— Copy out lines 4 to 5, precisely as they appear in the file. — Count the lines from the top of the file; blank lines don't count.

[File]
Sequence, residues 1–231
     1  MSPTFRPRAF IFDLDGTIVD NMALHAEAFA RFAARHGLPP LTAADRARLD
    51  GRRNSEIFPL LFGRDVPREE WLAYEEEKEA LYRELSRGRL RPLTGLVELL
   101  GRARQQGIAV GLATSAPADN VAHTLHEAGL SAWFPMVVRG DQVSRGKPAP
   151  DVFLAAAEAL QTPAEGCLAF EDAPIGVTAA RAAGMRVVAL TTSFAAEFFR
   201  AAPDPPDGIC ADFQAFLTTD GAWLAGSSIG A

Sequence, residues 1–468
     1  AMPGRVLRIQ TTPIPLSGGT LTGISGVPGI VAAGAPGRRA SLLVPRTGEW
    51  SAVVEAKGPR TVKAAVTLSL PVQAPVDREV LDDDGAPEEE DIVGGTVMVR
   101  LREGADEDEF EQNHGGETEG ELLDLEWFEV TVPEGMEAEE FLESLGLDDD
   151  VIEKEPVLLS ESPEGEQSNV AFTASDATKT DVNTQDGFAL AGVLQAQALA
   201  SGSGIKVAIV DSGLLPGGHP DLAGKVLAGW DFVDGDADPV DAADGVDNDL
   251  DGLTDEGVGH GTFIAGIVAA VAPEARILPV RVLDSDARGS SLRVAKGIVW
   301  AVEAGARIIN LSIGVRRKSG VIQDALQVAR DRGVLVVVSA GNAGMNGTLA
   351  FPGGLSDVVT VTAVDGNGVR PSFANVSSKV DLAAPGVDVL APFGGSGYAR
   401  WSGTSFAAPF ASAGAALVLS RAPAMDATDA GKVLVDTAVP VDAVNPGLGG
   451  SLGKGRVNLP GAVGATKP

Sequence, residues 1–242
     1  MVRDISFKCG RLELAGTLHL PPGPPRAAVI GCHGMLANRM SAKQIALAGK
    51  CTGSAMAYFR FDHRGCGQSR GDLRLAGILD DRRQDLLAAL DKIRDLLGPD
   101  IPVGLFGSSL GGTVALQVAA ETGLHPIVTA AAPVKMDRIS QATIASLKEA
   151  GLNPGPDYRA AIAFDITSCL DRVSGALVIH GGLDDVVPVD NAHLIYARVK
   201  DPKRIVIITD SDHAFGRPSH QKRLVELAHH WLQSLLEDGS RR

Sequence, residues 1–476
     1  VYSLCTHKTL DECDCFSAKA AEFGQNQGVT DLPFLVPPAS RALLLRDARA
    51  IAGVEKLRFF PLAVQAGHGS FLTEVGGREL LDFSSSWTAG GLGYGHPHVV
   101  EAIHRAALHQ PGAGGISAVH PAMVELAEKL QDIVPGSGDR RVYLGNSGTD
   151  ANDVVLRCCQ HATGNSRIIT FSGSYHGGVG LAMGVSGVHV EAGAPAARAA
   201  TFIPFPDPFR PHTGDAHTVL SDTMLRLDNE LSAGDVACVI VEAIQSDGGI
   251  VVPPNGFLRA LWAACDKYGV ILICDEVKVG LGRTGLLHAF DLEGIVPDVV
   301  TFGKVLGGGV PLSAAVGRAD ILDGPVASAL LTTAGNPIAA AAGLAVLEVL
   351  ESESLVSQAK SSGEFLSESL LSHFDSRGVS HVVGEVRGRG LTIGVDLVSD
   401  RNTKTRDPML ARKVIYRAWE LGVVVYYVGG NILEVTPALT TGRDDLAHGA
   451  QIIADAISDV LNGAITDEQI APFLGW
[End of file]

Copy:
   101  GRARQQGIAV GLATSAPADN VAHTLHEAGL SAWFPMVVRG DQVSRGKPAP
   151  DVFLAAAEAL QTPAEGCLAF EDAPIGVTAA RAAGMRVVAL TTSFAAEFFR